NETFUTURE

                    Technology and Human Responsibility

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Issue #166                                                January 16, 2007
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                   A Publication of The Nature Institute
             Editor:  Stephen L. Talbott (stevet@netfuture.org)

                     On the Web: http://netfuture.org
     You may redistribute this newsletter for noncommercial purposes.


CONTENTS
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Editor's Note

Science's Forbidden Question (Craig Holdrege and Stephen L. Talbott)
   Is Anyone There?

About this newsletter

EDITOR'S NOTE

Greetings to you all after a 15-month lapse in NetFuture publication! The hiatus has been owing to a considerable number of factors, one of which was my commitment to deliver a book to my publisher by the end of 2006. Scheduled for release this spring by O'Reilly Media, the book is based upon my writings in NetFuture and is entitled, Devices of the Soul: Battling for Our Selves in an Age of Machines.

Personally, I am happy to be back posting NetFuture to such a wonderful group of readers. You'll find some rather unexpected stuff coming your way during these next several months, particularly on the relation between science and the spirit, but with the usual cross-disciplinary forays in many different directions. However, one of the things you won't find here -- and this is a consequence of the unavoidable re-ordering of my priorities over the past year -- is the promised sequel to the last article I published in NetFuture back in October 2005. Maybe later on.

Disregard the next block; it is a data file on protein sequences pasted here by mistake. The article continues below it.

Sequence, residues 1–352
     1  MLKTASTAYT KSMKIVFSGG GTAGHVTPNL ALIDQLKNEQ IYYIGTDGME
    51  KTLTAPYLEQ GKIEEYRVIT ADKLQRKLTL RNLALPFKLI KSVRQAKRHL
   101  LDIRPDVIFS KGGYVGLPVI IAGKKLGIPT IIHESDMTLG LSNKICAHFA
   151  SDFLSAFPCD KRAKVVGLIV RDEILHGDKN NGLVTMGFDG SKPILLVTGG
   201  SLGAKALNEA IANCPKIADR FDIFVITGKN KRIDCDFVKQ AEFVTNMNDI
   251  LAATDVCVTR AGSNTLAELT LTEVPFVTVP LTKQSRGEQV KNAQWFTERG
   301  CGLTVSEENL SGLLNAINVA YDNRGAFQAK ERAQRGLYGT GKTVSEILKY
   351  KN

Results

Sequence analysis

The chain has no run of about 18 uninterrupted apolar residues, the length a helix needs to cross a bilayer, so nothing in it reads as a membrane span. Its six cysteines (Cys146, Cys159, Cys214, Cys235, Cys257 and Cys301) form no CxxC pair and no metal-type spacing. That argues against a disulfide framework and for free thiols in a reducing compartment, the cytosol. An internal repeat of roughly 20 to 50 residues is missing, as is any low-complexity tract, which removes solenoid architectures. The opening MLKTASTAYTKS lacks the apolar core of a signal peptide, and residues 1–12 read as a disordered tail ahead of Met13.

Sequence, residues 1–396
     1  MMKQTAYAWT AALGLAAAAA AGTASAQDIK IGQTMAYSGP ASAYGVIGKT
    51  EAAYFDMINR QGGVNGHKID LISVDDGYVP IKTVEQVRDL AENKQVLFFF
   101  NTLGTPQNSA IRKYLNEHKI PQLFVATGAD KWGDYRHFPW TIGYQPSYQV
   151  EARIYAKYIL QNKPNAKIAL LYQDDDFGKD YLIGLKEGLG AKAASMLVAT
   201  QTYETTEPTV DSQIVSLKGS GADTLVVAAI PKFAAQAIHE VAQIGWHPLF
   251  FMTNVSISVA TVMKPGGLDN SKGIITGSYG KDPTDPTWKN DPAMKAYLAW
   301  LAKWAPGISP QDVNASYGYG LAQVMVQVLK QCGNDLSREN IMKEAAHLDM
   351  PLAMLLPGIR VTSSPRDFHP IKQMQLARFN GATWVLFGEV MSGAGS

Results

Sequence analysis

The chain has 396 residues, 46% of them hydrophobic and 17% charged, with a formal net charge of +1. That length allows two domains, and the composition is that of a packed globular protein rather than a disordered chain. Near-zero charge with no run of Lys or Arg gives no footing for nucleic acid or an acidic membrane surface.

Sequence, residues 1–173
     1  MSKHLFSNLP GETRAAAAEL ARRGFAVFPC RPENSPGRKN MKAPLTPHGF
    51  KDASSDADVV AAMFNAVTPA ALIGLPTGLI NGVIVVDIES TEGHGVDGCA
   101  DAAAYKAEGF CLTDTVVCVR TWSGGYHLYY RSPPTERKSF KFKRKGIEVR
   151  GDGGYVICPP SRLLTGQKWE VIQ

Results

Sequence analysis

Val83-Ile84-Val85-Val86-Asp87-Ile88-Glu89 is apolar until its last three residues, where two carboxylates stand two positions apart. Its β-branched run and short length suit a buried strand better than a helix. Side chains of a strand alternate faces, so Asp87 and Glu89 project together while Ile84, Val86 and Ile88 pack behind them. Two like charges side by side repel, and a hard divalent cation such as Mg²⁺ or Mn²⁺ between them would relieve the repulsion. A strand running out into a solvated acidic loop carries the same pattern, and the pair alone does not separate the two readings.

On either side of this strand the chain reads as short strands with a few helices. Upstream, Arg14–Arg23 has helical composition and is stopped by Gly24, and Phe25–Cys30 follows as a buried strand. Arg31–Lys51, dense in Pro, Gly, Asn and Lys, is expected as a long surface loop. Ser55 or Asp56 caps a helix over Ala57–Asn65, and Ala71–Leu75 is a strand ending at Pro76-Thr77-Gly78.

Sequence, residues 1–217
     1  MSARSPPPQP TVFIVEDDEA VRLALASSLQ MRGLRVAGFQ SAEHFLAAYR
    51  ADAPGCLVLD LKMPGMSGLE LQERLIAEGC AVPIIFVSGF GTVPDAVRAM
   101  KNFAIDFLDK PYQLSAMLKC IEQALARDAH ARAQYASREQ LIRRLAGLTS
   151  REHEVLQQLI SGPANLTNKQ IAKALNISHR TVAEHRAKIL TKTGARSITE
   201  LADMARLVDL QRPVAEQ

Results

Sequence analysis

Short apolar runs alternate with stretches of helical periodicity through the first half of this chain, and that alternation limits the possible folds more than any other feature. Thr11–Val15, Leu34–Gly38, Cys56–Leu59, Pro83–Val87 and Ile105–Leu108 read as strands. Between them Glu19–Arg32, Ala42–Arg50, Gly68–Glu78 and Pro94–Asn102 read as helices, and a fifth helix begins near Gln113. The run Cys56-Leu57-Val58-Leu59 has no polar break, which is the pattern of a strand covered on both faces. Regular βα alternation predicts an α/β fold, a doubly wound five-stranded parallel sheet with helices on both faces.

The feature article in this issue appeared in the July/August 2006 Orion. The opening section of the article may ring familiar to some of you; it briefly summarizes a description of the sloth that appeared way back in NetFuture #97. But the rest of the article will lead you into territory one is scarcely allowed to mention, let alone explore, in mainstream scientific publications. This article, in a substantially different form, will be one chapter in a second book I am involved with, co-authored with Craig Holdrege and dealing with genetic engineering, biotechnology, agriculture, and the character of science. The book will be published by the University Press of Kentucky in early 2008.

If things go according to plan, the next three issues of NetFuture will explore the necessity for a qualitative science, pointing out that we can never have any adequate science other than a science of the Word in its fullest and most expressive sense.

Finally, please note that NetFuture is no longer distributed through St. Johns University. This issue is coming to you via the majordomo list server at panix.com. Information about subscribing and unsubscribing is given at the end of the newsletter.

SLT

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SCIENCE'S FORBIDDEN QUESTION
Craig Holdrege and Stephen L. Talbot